lauren woods, Archive I, 2018–, mixed media. Installation view.

lauren woods, Archive I, 2018–, mixed media. Installation view.

lauren woods

Beall Center for Art + Technology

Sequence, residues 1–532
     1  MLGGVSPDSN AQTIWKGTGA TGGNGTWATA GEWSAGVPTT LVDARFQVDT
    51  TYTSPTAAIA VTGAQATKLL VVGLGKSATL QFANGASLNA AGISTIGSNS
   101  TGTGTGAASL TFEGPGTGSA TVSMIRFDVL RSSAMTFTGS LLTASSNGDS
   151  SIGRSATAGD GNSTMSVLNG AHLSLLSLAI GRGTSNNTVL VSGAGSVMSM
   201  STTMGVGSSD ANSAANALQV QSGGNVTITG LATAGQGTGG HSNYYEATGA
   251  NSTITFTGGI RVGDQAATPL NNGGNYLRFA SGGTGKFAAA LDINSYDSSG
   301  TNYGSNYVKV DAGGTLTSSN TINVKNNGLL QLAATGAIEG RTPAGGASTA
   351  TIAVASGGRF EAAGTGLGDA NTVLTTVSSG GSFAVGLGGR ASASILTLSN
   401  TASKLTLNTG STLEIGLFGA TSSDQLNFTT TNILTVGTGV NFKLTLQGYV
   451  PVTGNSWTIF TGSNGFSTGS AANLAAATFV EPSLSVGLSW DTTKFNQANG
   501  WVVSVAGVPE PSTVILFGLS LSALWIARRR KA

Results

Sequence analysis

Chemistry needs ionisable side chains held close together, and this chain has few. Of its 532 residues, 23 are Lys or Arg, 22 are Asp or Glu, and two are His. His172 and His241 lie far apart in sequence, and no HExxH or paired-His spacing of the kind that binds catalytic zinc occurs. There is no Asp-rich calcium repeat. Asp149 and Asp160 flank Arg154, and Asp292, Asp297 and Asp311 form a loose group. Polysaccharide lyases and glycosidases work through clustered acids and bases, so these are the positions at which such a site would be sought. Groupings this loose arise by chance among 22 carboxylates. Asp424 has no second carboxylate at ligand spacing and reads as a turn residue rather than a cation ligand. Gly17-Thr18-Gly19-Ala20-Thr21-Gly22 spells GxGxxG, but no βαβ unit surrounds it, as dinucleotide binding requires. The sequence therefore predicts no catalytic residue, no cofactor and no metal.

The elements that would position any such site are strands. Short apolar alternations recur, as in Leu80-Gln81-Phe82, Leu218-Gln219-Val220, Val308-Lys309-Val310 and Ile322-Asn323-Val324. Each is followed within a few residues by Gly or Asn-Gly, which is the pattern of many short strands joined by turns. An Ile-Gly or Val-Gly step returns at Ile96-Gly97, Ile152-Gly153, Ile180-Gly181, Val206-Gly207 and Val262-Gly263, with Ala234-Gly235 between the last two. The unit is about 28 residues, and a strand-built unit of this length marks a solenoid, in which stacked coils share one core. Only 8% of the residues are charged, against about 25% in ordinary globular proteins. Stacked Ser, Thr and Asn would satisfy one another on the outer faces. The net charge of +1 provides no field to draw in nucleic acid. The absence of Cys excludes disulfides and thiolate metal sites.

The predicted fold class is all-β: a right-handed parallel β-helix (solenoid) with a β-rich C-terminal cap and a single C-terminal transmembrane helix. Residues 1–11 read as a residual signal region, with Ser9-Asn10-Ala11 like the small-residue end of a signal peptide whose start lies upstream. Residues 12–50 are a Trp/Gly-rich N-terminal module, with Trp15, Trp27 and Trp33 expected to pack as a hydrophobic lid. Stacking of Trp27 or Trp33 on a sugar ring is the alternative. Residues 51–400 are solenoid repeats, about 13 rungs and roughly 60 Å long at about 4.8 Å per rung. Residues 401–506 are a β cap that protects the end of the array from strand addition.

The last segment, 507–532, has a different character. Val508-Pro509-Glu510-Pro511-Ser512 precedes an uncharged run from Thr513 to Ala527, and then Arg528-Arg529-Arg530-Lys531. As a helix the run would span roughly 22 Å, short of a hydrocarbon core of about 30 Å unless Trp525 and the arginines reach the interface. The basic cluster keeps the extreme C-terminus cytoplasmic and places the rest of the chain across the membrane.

For the past several years, lauren woods has been investigating public space, historical memory, and social consciousness through what she calls “inter-media monuments.” Unlike traditional monuments, towering and seemingly permanent, woods’s are interactive and scaled to the human body. Take, for example, her Drinking Fountain #1, 2013, located beneath a worn WHITE ONLY sign in the Dallas County Records Building. The Jim Crow–era sign had reappeared some years earlier when the metal plate covering it fell off. Instead of repressing the city’s history of segregation by erasing the words, woods altered the drinking fountain beneath them to commemorate the civil rights movement and its legacy of political resistance in the present. Now, before they take a sip, visitors must view projected 1960s newsreel footage of policemen in Birmingham, Alabama, aiming water cannons at African American

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